Case No. 12-cr-00894-EMC-1
ORDER GRANTING DEFENDANT'S MOTION FOR EARLY TERMINATION OF PROBATION
Docket No. 38
On August 9, 2017, the Court held a hearing on Defendant Johnathon Whitman's motion for early termination of probation pursuant to 18 U.S.C. § 3564(c). See Docket No. 38. At the conclusion of the hearing, the Court GRANTED the motion. See Docket No. 43. For the reasons stated in the record and as summarized and supplemented herein, the Court memorializes its order.
Early termination of probation is governed by 18 U.S.C. § 3564(c). It provides that the Court, "after considering the factors set forth in section 3553(a) to the extent that they are applicable, may . . . terminate a term of probation previously ordered and discharge the defendant at any time in the case of a misdemeanor or an infraction or at any time after the expiration of one year of probation in the case of a felony, if it is satisfied that such action is warranted by the conduct of the defendant and the interest of justice."
The probationer need not prove exceptionally good behavior or changed circumstances in order to receive early termination relief. See United States v. Emmett, 749 F.3d 817, 819 (9th Cir. 2014) (holding that section 3583(e)(1) "does not support a legal standard that categorically requires a petitioner to demonstrate an undue hardship. District courts are directed to exercise discretion in light of a broad range of factors, and therefore a blanket rule denying early termination whenever a defendant fails to prove undue hardship would completely disregard the statute.") (internal quotations and .. omitted).
In this case, early termination is warranted in light of Whitman's outstanding conduct while on probation and the Court's belief that continued supervision would not serve the interest of justice. The Probation Office, which has supervised Whitman over the past 43 months, agrees.
Whitman had fully complied with the conditions of his supervision and has satisfied his significant financial obligations during the first two years of his probation. He has been employed consistently since 2002 in the information technology industry. Since January 2014, he has been working for VMware Inc., where he received several promotions and is currently a Staff Systems Engineer. While on probation, he purchased a home in Roseville, California, where he moved together with his wife and two daughters in order to be closer to his aging grandmother.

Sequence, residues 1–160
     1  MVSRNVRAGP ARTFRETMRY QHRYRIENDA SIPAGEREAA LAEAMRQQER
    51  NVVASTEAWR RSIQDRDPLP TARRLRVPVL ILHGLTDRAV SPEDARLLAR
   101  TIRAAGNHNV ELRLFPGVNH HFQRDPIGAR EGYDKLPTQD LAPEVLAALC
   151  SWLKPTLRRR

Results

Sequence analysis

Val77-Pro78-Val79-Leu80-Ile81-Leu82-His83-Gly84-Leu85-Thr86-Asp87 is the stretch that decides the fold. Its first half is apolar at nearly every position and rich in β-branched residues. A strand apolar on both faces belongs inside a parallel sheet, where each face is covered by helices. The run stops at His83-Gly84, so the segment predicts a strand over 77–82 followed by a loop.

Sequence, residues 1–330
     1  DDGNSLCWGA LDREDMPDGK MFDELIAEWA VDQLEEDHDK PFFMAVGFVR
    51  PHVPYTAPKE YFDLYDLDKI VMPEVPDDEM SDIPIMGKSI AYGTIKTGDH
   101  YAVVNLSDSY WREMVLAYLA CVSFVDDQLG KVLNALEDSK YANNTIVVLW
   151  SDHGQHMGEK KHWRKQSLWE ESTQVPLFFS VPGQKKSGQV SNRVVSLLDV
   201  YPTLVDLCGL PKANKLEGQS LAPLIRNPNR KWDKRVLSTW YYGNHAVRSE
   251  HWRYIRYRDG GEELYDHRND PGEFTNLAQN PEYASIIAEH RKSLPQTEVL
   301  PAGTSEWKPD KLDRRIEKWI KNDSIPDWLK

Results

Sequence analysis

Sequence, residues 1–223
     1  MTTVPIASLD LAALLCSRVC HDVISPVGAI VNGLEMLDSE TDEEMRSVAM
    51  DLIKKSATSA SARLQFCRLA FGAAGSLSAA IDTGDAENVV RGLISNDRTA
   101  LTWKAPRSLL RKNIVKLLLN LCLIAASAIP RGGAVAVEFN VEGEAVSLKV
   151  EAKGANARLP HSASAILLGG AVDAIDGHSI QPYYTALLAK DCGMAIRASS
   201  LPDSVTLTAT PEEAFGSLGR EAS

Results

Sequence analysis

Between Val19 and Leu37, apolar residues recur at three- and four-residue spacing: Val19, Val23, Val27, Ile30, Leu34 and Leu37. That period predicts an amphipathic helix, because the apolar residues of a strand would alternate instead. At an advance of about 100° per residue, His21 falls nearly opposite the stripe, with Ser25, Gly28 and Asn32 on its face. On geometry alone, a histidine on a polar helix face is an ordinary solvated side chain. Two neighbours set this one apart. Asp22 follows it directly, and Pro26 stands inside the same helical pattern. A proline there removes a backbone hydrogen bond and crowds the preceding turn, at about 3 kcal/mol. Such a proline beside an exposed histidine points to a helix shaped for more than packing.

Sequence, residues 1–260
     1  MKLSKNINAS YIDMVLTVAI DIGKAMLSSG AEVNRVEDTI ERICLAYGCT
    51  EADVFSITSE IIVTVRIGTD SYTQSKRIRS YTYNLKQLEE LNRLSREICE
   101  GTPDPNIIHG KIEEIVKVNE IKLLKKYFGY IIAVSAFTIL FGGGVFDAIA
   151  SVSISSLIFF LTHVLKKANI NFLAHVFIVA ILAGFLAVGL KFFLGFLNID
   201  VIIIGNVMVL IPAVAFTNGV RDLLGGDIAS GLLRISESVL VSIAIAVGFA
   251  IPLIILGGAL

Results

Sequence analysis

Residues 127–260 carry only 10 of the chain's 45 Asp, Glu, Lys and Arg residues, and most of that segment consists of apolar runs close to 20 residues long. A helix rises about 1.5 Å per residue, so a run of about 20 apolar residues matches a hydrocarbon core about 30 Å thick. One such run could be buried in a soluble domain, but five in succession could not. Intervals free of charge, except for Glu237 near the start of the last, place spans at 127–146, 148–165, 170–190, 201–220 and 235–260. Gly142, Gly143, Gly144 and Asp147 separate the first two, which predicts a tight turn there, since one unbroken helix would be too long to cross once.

Given the nature of Whitman's offense, his history, and characteristics, and taking into account his exemplary behavior while on probation, the Court finds that there is no indication that he will commit another offense is his probation is terminated early. Continued supervision is not necessary to protect the public. See 18 U.S.C. § 3553(a)(2)(C). Moreover, Whitman has already served 43 months out of 48 months. This has adequately fulfilled the need for the sentence to reflect the seriousness of the offense, to promote respect for the law, and to provide just punishment. See id. § 3553(a)(2)(A). For the same reason, it has also fulfilled its deterrent function. See id. § 3553(a)(2)(B). Finally, given Whitman's steady employment, probation is not necessary "to provide the defendant with needed educational or vocational training, medical care, or other correctional treatment." Id. § 3553(a)(2)(D). Indeed, continued supervision in this case may impede his professional travel. Continuing Whitman on probation would not serve any purpose under § 3555(a). /// /// /// /// ///
Early termination of Whitman's term of probation is "warranted by the conduct of the defendant and the interest of justice." 18 U.S.C. § 3564(c). Accordingly, the Court GRANTED Whitman's motion and terminated his probation effective August 9, 2017.
This order disposes of Docket No. 38.
IT IS SO ORDERED. Dated: August 14, 2017
EDWARD M. CHEN
United States District Judge